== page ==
Some organisations, especially those in highly regulated industries have concerns with cloud-based systems. Confidential data, for example patient data in healthcare, must be stored within the company’s own IT infrastructure on a hosted server. We have worked through this with clients who needed more reassurance around security and data protection. So ask your LMS provider about this.
For some extra support in your research, look at our guide to the best GDPR checklists.
2. Provide tools to encourage sharing, communication and collaboration
Gone are the days where an LMS simply hosts content; the modern elearning platform provides a range of tools to encourage good communication and sharing of ideas.
Our next-gen LMS, learningCloud combines the following lms tool kit:
- In-application authoring that is easy-to-use and allows subject matter experts ni yoru organisation to develop content themselves
- A fully-responsive interface that works on any device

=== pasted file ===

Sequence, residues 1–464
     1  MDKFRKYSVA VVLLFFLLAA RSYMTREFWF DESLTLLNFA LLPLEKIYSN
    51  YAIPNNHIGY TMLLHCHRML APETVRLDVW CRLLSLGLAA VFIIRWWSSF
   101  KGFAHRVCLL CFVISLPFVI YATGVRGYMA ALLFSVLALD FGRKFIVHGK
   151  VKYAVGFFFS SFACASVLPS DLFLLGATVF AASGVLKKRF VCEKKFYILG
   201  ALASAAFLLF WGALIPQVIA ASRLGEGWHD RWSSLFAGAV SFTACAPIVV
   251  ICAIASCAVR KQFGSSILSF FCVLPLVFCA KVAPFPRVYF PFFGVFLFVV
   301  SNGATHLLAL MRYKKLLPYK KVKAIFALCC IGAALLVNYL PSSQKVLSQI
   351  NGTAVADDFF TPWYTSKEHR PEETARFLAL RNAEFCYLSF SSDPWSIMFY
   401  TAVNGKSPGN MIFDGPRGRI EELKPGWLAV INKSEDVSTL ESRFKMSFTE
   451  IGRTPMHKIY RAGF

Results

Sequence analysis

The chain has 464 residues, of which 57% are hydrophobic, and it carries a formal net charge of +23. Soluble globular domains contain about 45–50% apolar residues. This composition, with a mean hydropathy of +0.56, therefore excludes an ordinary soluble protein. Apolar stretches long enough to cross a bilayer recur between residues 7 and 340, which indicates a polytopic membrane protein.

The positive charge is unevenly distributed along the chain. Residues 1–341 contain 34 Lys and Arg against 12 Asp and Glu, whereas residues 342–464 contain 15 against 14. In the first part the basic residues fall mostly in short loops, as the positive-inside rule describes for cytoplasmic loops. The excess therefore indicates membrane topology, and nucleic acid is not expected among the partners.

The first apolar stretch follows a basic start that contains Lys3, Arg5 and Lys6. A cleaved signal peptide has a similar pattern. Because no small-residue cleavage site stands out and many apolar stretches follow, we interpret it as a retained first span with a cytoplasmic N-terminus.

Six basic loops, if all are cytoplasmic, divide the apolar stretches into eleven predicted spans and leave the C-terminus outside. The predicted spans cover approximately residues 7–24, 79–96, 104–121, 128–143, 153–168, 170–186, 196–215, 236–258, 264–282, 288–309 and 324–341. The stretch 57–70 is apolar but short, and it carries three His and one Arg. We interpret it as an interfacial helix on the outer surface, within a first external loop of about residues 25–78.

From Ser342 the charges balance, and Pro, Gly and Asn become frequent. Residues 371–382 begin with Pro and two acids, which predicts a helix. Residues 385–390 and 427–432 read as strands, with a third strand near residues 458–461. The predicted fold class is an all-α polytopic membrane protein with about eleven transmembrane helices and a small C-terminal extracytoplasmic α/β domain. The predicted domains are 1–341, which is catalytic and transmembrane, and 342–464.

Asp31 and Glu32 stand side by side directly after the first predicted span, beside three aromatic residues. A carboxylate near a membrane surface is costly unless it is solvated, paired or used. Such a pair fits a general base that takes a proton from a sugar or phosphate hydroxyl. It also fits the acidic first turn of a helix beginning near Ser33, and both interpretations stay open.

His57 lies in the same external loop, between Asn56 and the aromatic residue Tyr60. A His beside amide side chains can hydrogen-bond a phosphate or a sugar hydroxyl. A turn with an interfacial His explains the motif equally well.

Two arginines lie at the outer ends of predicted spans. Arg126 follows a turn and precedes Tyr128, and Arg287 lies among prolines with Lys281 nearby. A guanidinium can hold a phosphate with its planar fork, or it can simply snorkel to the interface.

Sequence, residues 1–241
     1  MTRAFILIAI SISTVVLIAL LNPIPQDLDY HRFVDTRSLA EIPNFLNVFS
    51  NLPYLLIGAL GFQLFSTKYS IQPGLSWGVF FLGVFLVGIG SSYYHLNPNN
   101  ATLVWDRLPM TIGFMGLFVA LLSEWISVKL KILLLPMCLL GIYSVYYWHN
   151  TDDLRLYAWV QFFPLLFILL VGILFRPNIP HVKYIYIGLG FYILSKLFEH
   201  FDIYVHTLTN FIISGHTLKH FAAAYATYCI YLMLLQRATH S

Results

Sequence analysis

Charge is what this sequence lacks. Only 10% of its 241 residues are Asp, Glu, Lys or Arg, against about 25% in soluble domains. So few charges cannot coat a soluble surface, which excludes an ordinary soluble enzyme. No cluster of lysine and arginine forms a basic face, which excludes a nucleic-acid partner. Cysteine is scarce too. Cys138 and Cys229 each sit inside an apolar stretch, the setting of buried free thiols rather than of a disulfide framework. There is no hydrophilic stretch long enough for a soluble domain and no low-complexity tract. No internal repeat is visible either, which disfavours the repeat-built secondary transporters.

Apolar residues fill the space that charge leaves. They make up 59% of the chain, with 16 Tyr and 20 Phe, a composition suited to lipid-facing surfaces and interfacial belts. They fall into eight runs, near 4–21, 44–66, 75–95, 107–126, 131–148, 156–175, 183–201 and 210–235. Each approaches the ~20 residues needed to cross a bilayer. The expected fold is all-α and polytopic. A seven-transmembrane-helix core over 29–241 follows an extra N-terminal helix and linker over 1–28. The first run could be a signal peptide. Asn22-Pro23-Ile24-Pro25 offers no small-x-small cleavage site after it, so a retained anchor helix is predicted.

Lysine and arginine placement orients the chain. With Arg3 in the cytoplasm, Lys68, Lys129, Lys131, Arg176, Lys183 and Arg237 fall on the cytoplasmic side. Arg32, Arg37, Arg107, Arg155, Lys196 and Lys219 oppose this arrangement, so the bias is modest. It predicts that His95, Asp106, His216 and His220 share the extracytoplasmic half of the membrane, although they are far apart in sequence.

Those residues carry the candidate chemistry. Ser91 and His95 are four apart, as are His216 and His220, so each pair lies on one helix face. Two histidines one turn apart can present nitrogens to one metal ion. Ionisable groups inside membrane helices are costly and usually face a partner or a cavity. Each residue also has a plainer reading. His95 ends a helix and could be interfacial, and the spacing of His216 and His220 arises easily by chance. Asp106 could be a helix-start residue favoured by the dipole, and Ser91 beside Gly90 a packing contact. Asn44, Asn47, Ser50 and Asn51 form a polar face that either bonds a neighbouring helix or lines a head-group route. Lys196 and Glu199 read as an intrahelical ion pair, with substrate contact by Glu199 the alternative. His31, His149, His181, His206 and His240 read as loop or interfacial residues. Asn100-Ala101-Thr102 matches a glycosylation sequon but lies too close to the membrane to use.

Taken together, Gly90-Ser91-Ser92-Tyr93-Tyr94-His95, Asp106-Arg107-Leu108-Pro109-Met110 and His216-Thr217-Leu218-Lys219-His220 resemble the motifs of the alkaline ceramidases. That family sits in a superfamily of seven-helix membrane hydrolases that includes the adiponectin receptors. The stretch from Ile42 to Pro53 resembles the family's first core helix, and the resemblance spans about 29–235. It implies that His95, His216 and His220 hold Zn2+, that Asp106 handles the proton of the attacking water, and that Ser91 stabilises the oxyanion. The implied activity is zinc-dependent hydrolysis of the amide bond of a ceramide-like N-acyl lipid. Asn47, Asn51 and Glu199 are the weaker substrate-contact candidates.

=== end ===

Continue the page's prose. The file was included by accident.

- A cloud-based content delivery platform
- Native apps for iOS and Android to support mobile learning
- Social learning supported by comments on every activity and a chat tool
- Content curation for your managers and SME’s to share knowledge, skills and experiences
The best LMS platforms offer a range of functions functions - by allowing and encouraging a blend of different types of learning activities. For example, while you are taking a course on ergonomics, support the natural process of learning by asking staff to take photos of good posture, which then can then be shared using the social learning tool.
3. Support classroom training and administration as part of the blend
There can be polarising views among learning professionals; many want to ban the classroom from all corporate training programmes and some want to ban online courses!
Our blog on improving eLearning shows you what frustrates people most about online learning.
This tells us more about the quality of the training content, rather than the types of learning interventions on offer. The simple fact is that the classroom is still useful for learning and there are still good trainers out there! But what we know now is that not all company learning has to be done via the classroom. Some staff prefer the flexible learning option offered by virtual classrooms and elearning courses, and many company training programmes take a blended approach; some offline and some online training.